Section 377A: Putting children first
Section 377A of the Penal Code, which criminalises acts of “gross indecency” between males “in public or private”, is one of the most controversial topics in Singapore today. Some consider the law to be outdated and discriminatory against people who identify as lesbian, gay, bisexual, transgender and queer (LGBTQ), et cetera. Others who favour retaining Section 377A consider the law to be a critical symbol of Singapore’s mainstream values on marriage and family, as well as sexuality and gender.
Apart from law and policy, the debate also has implications on a wider question of social harmony: How can people with vastly differing viewpoints coexist side by side in Singapore society, without resulting in clashes or conflicts over deeply held values? With these issues in mind, we consider what the best way forward is.
Since we started reading and writing about this matter, we have realised that children and youth are the most vulnerable in this great tussle of value systems. Foreign news reports tell of young children being made to learn that mothers and fathers are completely interchangeable, that gender confusion (an often conflicting and painful experience) is not just normal, but should be celebrated and accompanied by irreversible treatment from a very young age.
These practices may be harmful to children. For example, Sweden has largely banned the use of puberty blockers to treat gender-confused children, owing to harmful side effects, and the United States authorities have recently warned of side effects such as symptoms of brain swelling. Children are also taught that mothers and fathers are completely interchangeable, and encouraged to be sexually experimental since all sexual behaviours are equal, despite the science showing that some behaviours are riskier than others.
In Singapore, we already have local examples of school-going children encouraged to use gender pronouns in controversial ways and young teenagers identifying as “pansexual” – and the alienating or bullying of those who disagree.
Marriage, family, children and societal values
So what has repealing Section 377A to do with this? As the only law that retains a distinction between heterosexual and homosexual behaviours, its existence, on principle, restrains advancing LGBTQ activism that contributes to a hyper-sexualised environment and a disproportionate focus on sexual and gender identities. Its non-enforcement allows our fellow LGBTQ citizens to engage in such sexual behaviours without government intervention.
But many activists have made clear their intent to go beyond repeal and push for, among other things, same-sex marriage and controversial sexuality education. However, to have fruitful and honest public debate on these other issues, it is crucial for those with contrary views to resist strong international pressure (such as through diversity policies in global multinational corporations) and the immense intimidation on social media. If Section 377A is repealed, the ground will only become further divided and civil dialogue harder to achieve.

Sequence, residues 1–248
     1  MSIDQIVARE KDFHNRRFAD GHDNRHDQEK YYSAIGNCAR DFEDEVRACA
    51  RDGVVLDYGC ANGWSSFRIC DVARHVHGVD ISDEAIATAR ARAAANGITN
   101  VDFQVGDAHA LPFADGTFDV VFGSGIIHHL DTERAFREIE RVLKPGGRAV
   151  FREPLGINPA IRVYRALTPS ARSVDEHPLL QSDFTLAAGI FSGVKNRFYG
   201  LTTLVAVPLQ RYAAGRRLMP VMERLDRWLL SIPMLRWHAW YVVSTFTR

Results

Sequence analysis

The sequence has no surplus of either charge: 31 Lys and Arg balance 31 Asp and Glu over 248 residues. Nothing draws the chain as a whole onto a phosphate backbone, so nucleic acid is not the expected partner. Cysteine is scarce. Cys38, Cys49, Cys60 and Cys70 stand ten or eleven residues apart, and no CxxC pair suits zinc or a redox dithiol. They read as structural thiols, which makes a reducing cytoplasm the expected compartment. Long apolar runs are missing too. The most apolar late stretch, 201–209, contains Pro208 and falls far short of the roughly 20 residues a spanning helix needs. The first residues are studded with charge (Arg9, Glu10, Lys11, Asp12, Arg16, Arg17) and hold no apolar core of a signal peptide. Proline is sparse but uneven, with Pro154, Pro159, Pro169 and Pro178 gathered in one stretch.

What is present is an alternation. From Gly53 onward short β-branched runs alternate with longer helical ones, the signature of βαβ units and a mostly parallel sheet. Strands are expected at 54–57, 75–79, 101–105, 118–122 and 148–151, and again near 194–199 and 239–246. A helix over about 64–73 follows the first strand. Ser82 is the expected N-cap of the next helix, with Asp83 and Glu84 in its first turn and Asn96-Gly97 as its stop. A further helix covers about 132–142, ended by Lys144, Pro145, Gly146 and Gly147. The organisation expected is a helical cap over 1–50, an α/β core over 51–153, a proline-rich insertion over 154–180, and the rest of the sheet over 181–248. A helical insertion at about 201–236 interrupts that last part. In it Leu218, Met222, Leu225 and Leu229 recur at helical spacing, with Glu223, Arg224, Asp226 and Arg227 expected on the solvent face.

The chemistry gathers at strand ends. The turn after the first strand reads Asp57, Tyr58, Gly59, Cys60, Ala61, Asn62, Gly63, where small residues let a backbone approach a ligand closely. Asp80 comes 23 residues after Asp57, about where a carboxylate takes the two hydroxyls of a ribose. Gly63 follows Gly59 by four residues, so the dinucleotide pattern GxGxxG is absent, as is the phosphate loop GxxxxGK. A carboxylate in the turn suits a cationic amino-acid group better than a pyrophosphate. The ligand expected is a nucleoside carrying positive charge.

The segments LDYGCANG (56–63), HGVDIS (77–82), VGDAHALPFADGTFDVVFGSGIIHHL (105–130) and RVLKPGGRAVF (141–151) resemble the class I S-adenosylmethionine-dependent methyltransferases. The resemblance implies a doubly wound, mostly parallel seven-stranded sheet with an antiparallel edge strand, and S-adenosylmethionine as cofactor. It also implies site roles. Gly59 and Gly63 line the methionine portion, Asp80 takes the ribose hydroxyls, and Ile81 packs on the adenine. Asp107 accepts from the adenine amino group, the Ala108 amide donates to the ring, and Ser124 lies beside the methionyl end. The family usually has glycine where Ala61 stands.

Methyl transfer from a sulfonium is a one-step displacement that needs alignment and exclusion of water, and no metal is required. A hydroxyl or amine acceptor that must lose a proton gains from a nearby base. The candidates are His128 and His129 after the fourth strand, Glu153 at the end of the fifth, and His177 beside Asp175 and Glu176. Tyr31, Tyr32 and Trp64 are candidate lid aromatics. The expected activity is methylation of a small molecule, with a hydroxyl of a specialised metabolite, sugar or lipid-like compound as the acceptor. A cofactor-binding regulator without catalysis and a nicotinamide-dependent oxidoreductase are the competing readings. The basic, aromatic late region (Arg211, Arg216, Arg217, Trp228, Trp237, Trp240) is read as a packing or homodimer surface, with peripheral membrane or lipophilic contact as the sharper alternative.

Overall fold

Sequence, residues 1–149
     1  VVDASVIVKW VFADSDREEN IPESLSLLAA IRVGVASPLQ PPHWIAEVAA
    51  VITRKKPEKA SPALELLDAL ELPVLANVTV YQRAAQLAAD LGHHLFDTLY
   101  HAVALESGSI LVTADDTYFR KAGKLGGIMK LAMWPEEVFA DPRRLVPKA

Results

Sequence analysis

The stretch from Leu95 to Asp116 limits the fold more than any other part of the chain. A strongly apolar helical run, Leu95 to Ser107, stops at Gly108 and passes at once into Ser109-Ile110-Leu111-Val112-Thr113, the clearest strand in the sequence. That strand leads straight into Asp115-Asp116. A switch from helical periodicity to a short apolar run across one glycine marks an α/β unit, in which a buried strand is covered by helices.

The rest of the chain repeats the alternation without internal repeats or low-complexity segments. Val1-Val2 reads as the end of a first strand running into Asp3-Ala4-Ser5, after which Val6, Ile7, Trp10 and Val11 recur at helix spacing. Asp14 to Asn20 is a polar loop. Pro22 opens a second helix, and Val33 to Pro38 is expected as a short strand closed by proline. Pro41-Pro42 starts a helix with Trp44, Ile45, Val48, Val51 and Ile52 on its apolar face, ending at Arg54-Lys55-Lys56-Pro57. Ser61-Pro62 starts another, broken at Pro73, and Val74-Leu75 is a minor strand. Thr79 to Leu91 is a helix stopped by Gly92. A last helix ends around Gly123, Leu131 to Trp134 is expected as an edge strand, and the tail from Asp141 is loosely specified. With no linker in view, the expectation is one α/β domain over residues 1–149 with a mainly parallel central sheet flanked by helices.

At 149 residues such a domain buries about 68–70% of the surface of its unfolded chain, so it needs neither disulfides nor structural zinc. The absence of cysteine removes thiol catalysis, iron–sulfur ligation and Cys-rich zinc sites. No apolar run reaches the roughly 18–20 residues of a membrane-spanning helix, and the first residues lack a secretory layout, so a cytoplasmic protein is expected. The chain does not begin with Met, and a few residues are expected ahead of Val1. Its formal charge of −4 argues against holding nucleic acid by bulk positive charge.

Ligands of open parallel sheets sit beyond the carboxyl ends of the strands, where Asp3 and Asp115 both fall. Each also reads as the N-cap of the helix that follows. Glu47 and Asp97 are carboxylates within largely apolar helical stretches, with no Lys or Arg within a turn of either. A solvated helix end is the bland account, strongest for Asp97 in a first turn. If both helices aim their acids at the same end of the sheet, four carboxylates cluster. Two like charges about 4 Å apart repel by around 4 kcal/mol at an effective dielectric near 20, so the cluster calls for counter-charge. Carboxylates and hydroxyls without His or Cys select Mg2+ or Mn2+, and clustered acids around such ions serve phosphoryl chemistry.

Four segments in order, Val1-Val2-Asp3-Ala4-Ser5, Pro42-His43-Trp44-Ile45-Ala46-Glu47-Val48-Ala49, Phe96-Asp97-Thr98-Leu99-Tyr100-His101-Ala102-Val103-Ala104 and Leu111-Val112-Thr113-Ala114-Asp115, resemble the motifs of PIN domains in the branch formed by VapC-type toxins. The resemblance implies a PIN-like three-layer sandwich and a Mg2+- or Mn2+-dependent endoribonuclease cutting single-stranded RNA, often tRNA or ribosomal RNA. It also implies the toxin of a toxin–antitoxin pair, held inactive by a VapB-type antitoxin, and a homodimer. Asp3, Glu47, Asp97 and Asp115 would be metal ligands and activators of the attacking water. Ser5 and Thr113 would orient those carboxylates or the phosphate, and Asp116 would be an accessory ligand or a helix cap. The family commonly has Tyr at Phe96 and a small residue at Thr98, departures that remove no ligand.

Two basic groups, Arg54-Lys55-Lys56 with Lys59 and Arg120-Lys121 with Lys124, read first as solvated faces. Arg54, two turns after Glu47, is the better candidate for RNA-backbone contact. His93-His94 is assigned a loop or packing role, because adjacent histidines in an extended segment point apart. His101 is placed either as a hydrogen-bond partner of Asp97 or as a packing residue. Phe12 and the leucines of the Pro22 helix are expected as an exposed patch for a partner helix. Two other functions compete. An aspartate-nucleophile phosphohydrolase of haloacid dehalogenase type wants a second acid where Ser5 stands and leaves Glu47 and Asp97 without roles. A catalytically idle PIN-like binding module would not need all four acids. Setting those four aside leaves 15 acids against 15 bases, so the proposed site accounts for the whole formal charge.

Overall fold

Activists have called the threat to family a “myth”, saying that the repeal will not cause a breakdown of marriage in terms of divorces. However, while existing individual marriages may not break down, marriage and family as social institutions with public importance will be affected. It is critical that social policy continues to prioritise the best interests of children, whenever possible. Decades of social science show that the best conditions to raise a child are when the child grows up in a healthy family with both a biological father and mother, who are in a stable and lasting marriage.
At the level of state-wide policies, if the traditional family unit is weakened, society will be weakened as well, with implications for social policy, welfare spending and criminal justice.
We know how important it is to give children good homes to thrive in, and to involve both fathers and mothers in their children’s lives because each plays a unique and complementary role in the parenting of their children. Thus, one of us founded Dads for Life to reduce the adverse impact of fatherlessness (including physically or emotionally absent or abusive fathers) on children. The other continued his work in designing and delivering highly customised marriage and family development programmes for families at various stages of their life cycles, including helping former convicts to reintegrate into their families and society, as well as being a chief juror for an annual Exemplary Fathers award, which has gone a long way to inspire fathers in the community.
On the other hand, in a same-sex household, a child loses a connection with either a father or a mother. Given that half of a child’s DNA comes from the father, and the other half comes from the mother, to say that two fathers or two mothers make no difference to the child is to put adults’ desires before the needs and rights of the child. This is on top of the ethical difficulties surrounding the ways in which same-sex couples “obtain” children – such as surrogacy, which objectifies children, and women who are surrogates.
If there is no proper consideration of all these possible negative effects of same-sex marriages and family, we put children at risk by entering uncharted territory at the level of public policy.
The existing status quo on Section 377A is based on a careful balance and a political compromise adopted by Parliament in 2007 following an extensive debate. This “political package” – to use the words of our apex court – already achieves a precious and well-thought-out balance. It ensures that the norms and values on marriage and family will remain mainstream, while giving space for LGBTQ people to live freely and contribute to society.